Winning is, of course, the objective in any game you play, but in this instance, given the context, it is of paramount importance to get as many players as possible up to match speed in order to hit the ground running against O'Sullivan and the US Eagles in New Plymouth in five weeks' time.
Winning at Murrayfield, Bordeaux or in the Aviva would certainly help morale and increase momentum ahead of our World Cup departure but it still comes second to match fitness, the key area in which the southern hemisphere nations will be at a huge pre-tournament advantage.
The occupational hazard is injury, but that comes with every game (and, indeed, training session) you play.
Rest assured some unfortunate player, physically fit and raring to go, will lose his place on the flight. It is the nature of the business.
So what of today? At the outset, I think the lack of talk coming from the Ireland camp is encouraging. No boast of winning pool matches, never mind World Cups!
Here, too, hard and painful lessons have been learned. We lost this corresponding fixture (31-21) four years ago, with the performance every bit as disappointing as the result.
The Scots went on to make the last eight -- we disappeared out of sight. So, it does have a bearing and performance-driven relevance. Of the match-day 22 today, all but five or six are playing for a place on that August 30 departing flight.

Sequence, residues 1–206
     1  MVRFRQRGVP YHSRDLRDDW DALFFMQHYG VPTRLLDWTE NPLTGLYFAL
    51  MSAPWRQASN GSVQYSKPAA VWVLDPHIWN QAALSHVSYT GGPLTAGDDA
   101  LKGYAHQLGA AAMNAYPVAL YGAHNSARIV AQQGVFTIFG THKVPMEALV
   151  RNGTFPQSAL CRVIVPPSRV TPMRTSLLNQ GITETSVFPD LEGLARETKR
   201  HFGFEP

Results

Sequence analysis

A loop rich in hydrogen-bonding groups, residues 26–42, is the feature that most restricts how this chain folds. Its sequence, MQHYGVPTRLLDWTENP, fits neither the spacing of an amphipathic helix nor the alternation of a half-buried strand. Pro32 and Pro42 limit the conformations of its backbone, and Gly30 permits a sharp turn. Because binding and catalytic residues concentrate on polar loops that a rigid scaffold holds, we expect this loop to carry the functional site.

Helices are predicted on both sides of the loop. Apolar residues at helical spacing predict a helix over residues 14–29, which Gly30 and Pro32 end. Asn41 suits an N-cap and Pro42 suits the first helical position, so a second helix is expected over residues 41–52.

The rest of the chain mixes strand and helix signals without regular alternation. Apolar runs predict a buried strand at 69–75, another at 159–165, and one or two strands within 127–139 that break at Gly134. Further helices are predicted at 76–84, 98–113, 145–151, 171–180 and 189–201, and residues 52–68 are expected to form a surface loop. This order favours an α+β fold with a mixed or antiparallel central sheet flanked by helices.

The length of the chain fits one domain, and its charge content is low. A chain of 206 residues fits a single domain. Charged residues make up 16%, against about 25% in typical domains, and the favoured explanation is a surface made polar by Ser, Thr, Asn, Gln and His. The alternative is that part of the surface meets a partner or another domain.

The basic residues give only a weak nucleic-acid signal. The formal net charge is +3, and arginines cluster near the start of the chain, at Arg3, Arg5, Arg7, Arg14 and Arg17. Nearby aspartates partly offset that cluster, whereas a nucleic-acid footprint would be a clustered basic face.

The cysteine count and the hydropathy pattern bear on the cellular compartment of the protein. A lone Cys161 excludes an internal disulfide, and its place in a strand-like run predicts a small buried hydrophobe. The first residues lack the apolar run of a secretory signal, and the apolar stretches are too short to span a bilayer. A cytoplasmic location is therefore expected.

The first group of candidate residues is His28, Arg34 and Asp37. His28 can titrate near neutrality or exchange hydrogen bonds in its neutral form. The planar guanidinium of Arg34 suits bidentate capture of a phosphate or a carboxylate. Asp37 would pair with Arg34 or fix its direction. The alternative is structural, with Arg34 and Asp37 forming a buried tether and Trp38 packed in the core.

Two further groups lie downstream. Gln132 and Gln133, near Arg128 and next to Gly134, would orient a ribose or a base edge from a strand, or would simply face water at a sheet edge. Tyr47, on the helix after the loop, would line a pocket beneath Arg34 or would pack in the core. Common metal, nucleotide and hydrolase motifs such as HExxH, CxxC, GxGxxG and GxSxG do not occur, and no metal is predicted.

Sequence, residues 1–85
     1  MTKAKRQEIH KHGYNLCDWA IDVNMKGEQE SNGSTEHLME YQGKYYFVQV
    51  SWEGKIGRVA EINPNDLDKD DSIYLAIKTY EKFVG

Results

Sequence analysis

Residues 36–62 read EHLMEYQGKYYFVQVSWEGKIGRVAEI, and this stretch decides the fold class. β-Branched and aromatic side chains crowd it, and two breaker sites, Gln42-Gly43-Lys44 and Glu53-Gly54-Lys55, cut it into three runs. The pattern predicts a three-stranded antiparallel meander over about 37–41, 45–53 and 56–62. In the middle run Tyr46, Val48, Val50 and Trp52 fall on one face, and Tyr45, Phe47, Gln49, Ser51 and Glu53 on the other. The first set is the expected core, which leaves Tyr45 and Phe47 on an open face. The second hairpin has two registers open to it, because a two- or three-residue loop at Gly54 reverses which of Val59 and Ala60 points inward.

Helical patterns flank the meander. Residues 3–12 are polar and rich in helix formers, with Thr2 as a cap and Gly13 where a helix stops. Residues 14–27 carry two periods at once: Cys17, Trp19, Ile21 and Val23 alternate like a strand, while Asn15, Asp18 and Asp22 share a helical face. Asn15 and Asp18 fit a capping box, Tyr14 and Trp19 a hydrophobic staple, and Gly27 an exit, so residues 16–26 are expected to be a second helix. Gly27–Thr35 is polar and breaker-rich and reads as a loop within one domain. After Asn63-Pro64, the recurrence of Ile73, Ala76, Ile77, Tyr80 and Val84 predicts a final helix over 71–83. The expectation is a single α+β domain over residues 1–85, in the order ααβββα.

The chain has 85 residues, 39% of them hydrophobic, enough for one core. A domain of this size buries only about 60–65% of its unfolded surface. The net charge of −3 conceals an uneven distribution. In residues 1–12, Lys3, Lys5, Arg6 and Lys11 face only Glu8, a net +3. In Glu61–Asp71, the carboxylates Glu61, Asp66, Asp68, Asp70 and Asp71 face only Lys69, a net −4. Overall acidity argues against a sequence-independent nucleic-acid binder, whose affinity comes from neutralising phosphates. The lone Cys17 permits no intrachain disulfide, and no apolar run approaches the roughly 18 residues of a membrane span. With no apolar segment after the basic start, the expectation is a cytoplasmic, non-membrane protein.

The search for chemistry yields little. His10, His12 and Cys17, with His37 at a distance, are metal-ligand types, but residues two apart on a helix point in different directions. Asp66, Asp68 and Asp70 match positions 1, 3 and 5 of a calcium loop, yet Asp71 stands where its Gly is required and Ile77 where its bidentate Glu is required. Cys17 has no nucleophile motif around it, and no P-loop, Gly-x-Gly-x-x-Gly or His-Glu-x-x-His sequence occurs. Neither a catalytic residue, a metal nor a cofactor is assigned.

World Cup selection is where every head coach truly earns his corn.
It is a more difficult selection than any other, particularly so for those in the northern hemisphere, given that it comes immediately on the back of the summer recess.
To factor in the most recent form, the main man must turn back the clock to the final weeks of last season -- two full months ago.
The most up-to-date information will come by way of training and how individuals have been going in camp. But Kidney has been around long enough to appreciate the difference between match conditions and the training environment.
Training feeds into selection, but it is how you deliver under match-day pressure that ultimately determines a player's place in the pecking order.
Whether the eventual split will be 17/13 or 16/14, we don't yet know (we suspect the former), but versatility could ultimately determine the final call in various sectors.
Apart from Sean Cronin, Jonny Sexton, Leo Cullen and Niall Ronan of the starting 15 at Murrayfield, every other player (including Tomas O'Leary, who can slot in on the wing) has the ability to change role.
Paddy Wallace, for example, may not be the fourth-best centre behind the Leinster trio of Brian O'Driscoll, Gordon D'Arcy and Fergus McFadden, but he is in situ because of the option he presents as emergency cover to Sexton and Ronan O'Gara at out-half.
Hooker and both half-backs must, of necessity, have a third alternative available at all times.
Realistically, on the basis of Andy Robinson's selection, the Scots should prove much too strong for what is essentially a shadow Ireland line-up today.
However, Ireland are a team with a cause. The incentive could hardly be any greater. The road to World Cup redemption begins now. For some, it could be their one and only chance.